The service dominant logic of understanding why consumer’s co create online experiences by disclosing the intimate public and private self-image

Iftakar Haji, Christof Backhaus

Research output: Unpublished contribution to conferenceUnpublished Conference Paper


Online value co-creation is not only about co-creating the content such as sharing status, sending invitations, sharing videos, and sharing photos, it is about the development of exchanging experiences to build and maintain online service dominant intimate relationships (Prahalad & Ramaswamy, 2004; Muniz et al., 2009; Luo et al., 2015). Understanding value co-creation in an online, service-dominant environments such as user-generated content (UGC) and social networking sites (SNSs) is critical to firms' strategic decision making. Healthy brand communities are rife with dynamic practices that continuously evolve and inspire interactive engagement within and among members. Such engagement is a vector of value creation, and co-creation, from which brands can reap the benefits, in the form of increased brand equity and loyalty (Edvardsson, et al., 2011; Cova & Dalli, 2007). The service dominant logic approach emphasizes the user’s role, particularly in co-creating value (Payne et al., 2006; Prahalad & Ramaswamy, 2004).Unlike traditional creation of economic exchange value, online value is a dyadic exchange of co-created content by the user and firm in Service-Dominant (S-D) logic (Vargo et al., 2008). The user is the denominator, exchanging experiences materialized through UGC (Vargo & Lusch, 2004) to co-create communities. However, most status updates on SNS are not entirely intimate (Barash et al., 2010; Utz, 2011). Yet customers co-create communities by self-disclosing public and private: well-being, identity and experiences to co-create value and build relationships (Pennebaker & Chung, 2007; Tanis, 2008)To advance the understanding of the mechanism underlying self-disclosure, this study examines the phenomena of public and private self-disclosure. Prior research mainly focused on public disclosure (Treem & Leonardi, 2012; Marwick & Boyd, 2011, Krämer & Haferkamp, 2011). But users are increasingly expressing personal experiences by actively uploading self-images. But the boundaries between the public and private self is often blurred between publicness and privacy; which raises questions about self-disclosure and information control in social media, and what motivates users to self-disclose images and experiences given the inherent risks of vulnerability to privacy and personal control (Altman, 1975). Disclosure decisions and strategies reflect conflicting needs aimed at maximizing strategic rewards and minimizing personal risks (Petronio, 2002). But, value co-creation among online communities is integral to managing co-constructed impressions (Muniz & O'Guinn, 2001; Luo et al., 2015). These impressions are created by users choosing outcomes and dispersing relationships if they dislike their self-presentation (Baker & White, 2011). Interviews (n=65) were conducted on active Instagram users to explore the motivations behind users to share public and private self-image. The findings are captured in a conceptual model that illustrates how users co-create their identity through a ‘personal branding exhibition’ embedded in personalized experience and evaluation of their psychological well-being (Meier & Gray, 2014; Sirgy, 1982).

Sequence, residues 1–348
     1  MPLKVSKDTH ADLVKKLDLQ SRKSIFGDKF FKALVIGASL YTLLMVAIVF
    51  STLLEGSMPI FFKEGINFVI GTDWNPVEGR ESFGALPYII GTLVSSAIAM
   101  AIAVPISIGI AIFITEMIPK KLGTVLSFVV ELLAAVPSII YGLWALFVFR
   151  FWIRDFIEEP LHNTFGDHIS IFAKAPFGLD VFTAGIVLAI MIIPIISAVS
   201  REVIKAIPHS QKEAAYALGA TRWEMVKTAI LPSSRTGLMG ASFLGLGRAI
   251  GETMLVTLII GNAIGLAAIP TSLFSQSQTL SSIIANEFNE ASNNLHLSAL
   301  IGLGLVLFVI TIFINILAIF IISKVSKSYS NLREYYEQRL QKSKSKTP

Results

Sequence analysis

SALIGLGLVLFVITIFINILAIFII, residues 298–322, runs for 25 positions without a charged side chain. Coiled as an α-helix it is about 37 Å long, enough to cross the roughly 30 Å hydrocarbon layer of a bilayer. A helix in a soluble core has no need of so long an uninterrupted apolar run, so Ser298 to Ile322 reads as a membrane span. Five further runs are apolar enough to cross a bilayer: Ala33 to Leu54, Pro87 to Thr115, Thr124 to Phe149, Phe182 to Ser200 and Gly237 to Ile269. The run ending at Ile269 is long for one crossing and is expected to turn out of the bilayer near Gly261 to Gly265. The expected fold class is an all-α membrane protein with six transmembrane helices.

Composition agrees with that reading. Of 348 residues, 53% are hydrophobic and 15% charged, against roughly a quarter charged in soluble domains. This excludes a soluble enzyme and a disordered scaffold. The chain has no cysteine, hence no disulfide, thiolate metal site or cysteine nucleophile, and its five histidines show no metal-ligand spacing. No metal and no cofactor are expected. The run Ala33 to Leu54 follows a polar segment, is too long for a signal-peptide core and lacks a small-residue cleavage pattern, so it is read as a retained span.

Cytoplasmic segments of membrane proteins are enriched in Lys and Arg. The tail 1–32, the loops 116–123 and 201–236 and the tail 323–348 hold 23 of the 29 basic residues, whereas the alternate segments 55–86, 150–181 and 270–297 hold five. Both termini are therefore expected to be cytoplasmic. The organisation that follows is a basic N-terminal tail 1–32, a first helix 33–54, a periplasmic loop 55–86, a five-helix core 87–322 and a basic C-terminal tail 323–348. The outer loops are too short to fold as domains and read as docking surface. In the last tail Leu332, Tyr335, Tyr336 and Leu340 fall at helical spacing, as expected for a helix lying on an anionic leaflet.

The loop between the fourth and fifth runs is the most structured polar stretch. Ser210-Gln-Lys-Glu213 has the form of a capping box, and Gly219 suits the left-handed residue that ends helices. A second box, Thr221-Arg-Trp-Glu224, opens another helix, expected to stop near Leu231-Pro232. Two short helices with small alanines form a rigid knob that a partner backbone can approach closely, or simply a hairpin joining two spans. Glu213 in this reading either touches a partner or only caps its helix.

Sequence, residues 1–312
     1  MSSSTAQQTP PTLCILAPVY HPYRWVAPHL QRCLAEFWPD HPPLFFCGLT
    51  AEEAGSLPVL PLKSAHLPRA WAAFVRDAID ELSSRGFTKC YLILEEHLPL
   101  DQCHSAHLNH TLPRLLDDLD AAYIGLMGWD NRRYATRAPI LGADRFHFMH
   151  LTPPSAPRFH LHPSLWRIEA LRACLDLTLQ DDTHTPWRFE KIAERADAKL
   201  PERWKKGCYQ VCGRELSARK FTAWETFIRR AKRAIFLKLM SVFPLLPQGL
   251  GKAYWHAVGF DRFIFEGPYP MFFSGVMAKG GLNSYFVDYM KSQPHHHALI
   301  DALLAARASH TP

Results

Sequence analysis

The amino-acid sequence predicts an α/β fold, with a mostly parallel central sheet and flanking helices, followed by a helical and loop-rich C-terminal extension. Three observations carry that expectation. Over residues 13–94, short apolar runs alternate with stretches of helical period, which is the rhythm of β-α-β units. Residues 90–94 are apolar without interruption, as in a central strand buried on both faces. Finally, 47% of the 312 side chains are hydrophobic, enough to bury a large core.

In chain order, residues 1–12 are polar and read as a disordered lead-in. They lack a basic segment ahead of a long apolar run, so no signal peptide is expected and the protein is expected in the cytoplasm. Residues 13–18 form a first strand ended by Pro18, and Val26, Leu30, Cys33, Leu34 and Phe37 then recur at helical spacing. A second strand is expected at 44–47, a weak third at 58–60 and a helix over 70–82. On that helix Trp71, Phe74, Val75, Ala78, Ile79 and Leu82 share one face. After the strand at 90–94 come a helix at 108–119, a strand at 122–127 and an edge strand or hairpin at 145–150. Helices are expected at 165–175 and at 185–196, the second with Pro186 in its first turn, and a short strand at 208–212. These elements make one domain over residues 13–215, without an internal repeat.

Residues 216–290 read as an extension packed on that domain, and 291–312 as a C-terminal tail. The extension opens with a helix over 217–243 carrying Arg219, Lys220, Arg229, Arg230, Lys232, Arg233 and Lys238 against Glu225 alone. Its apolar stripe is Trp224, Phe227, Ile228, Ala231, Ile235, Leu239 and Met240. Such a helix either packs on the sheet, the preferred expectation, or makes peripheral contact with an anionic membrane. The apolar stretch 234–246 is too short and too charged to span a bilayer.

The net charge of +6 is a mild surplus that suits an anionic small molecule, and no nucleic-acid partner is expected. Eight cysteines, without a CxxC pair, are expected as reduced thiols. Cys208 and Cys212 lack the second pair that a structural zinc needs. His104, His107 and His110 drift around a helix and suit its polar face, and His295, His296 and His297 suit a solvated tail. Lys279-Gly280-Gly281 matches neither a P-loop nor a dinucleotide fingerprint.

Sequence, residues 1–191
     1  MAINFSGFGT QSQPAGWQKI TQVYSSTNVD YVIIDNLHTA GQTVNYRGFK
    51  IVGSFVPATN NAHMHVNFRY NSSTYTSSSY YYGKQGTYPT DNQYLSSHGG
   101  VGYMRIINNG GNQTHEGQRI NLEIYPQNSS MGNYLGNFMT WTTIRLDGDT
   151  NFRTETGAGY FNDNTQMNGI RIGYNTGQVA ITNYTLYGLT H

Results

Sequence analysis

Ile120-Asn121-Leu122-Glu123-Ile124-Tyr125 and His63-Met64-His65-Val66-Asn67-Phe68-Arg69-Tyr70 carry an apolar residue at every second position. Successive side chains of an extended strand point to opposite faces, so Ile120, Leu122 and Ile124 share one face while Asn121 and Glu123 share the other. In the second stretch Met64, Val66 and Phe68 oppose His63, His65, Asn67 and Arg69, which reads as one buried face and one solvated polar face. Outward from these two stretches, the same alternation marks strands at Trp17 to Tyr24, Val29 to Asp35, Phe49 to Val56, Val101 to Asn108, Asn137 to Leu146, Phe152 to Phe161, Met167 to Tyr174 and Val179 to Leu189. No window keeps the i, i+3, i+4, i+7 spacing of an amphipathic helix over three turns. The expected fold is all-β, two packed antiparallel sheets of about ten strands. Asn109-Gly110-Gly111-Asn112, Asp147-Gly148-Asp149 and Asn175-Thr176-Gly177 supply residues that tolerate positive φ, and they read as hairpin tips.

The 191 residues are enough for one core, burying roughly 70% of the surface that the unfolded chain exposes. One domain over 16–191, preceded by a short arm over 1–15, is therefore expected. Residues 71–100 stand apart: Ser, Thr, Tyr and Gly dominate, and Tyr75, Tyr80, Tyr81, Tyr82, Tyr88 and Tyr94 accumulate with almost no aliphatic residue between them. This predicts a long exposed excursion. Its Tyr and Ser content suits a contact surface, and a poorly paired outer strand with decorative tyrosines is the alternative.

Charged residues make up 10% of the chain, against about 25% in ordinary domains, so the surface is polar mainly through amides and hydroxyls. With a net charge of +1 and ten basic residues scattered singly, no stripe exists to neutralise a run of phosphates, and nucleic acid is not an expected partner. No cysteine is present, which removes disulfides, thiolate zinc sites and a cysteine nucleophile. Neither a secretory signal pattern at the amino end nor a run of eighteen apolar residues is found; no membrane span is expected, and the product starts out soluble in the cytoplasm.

Original languageEnglish
Publication statusPublished - 21 Jun 2017


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